Greece has one of the longest and strongest histories as a seafaring nation, and today the shipping industry is one of the most dynamics aspects of the Greek economy, and Greece remains one the world’s largest shipping nations. Traditional fleet profiles including mainly bulk carriers and tankers, but in recent years this has expanded to include high-tech specialty ships, such as LNG and LPG carriers.
As of March 2018, 723 large ocean-going vessels (greater than 1,000 gt) of 74.53 million dwt fly the Greek flag, and the Greek-owned fleet is still first place internationally, with a fleet of 4,148 ships (over 1,000 gt) of 341.92 million dwt, representing 16.4 percent of the global overall capacity in dwt. “The significant contribution of shipping to the national economy is clearly depicted in the foreign currency inflow which for 2017 amounted to 9.13 billion euros (in accordance with the “Transportation” Title of the official “Services Balance” issued by the Bank of Greece) and also in the significant number of jobs created in the country and the multiplying effects through economic added value on other sectors of the Greek economy,” said Kouroumplis.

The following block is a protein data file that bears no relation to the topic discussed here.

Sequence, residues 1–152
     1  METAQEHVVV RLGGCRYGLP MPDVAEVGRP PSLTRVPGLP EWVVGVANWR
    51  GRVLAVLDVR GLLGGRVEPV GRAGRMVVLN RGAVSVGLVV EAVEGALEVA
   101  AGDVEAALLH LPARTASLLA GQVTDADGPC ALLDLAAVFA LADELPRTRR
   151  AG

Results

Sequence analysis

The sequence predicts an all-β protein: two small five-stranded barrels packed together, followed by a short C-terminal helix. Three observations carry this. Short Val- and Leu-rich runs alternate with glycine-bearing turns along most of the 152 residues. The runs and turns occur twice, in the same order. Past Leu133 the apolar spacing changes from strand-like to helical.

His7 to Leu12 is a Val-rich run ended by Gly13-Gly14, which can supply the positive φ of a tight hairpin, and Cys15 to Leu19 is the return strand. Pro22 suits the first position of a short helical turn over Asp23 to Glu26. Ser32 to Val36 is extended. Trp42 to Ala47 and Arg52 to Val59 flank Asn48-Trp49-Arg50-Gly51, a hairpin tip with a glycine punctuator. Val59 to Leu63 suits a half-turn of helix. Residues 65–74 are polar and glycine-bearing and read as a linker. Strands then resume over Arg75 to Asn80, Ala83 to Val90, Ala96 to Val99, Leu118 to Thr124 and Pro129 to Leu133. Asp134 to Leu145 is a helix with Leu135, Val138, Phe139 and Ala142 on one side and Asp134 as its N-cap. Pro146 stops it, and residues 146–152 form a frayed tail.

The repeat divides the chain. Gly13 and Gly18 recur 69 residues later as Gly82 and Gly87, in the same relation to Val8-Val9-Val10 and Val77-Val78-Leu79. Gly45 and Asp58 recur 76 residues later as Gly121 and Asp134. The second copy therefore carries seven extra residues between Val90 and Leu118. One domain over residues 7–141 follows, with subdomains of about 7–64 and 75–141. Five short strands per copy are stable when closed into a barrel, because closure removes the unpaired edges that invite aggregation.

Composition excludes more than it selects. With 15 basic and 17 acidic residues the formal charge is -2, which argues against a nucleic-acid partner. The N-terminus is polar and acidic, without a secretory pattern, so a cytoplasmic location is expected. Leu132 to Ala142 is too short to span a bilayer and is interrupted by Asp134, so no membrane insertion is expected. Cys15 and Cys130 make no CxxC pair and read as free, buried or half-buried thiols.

The Greek shipping cluster is a top performer within the Greek economy, a cluster composed of 1,389 shipping companies (696 in the field of ship management and 693 in the field of chartering/brokerage and other shipping activities) operating in Piraeus, resulting in $2.8 billion entering Greece in shipping foreign exchange for their operational costs. These companies offer direct employment to more than 16,467 employees and are a driving force for the entire maritime cluster.
While a clear leader, the Greek market has not been immune to economic forces which have conspired to mire maritime in one of its deepest and longest slumps.
“It is well known that the increase in global capacity has impacted the supply and demand for maritime services and consequently caused large fluctuations in freight rates,” said Kouroumplis. “Despite such challenging times for the shipping industry, the figures of Greek shipping remained virtually unaffected. It is noted that in 2017 there was a recovery in bulk carrier orders which was not accompanied by a similar increase in tanker orders. This is explained by the increased demand for ores, food and containers, while the existing tanker capacity proved to be sufficient to meet demand.”